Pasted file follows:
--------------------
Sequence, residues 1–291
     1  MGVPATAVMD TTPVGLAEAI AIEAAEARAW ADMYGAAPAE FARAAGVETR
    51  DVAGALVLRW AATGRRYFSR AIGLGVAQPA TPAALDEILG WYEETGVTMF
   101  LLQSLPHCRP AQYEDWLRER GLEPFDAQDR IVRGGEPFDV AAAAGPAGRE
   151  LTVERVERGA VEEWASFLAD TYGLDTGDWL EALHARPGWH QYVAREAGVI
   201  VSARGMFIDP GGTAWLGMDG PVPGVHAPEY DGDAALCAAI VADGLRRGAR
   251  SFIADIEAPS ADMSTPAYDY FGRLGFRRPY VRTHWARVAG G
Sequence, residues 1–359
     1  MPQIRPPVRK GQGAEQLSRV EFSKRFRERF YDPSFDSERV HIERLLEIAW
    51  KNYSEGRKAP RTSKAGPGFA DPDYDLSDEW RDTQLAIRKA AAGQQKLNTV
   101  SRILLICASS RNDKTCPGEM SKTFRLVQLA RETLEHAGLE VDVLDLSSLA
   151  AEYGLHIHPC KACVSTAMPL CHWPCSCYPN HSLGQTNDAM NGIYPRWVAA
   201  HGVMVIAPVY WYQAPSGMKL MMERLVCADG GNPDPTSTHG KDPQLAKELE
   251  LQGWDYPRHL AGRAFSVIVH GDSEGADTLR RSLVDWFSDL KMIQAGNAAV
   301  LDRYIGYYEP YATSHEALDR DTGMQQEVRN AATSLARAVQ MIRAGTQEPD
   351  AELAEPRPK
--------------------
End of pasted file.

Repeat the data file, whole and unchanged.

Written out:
Sequence, residues 1–291
     1  MGVPATAVMD TTPVGLAEAI AIEAAEARAW ADMYGAAPAE FARAAGVETR
    51  DVAGALVLRW AATGRRYFSR AIGLGVAQPA TPAALDEILG WYEETGVTMF
   101  LLQSLPHCRP AQYEDWLRER GLEPFDAQDR IVRGGEPFDV AAAAGPAGRE
   151  LTVERVERGA VEEWASFLAD TYGLDTGDWL EALHARPGWH QYVAREAGVI
   201  VSARGMFIDP GGTAWLGMDG PVPGVHAPEY DGDAALCAAI VADGLRRGAR
   251  SFIADIEAPS ADMSTPAYDY FGRLGFRRPY VRTHWARVAG G
Sequence, residues 1–359
     1  MPQIRPPVRK GQGAEQLSRV EFSKRFRERF YDPSFDSERV HIERLLEIAW
    51  KNYSEGRKAP RTSKAGPGFA DPDYDLSDEW RDTQLAIRKA AAGQQKLNTV
   101  SRILLICASS RNDKTCPGEM SKTFRLVQLA RETLEHAGLE VDVLDLSSLA
   151  AEYGLHIHPC KACVSTAMPL CHWPCSCYPN HSLGQTNDAM NGIYPRWVAA
   201  HGVMVIAPVY WYQAPSGMKL MMERLVCADG GNPDPTSTHG KDPQLAKELE
   251  LQGWDYPRHL AGRAFSVIVH GDSEGADTLR RSLVDWFSDL KMIQAGNAAV
   301  LDRYIGYYEP YATSHEALDR DTGMQQEVRN AATSLARAVQ MIRAGTQEPD
   351  AELAEPRPK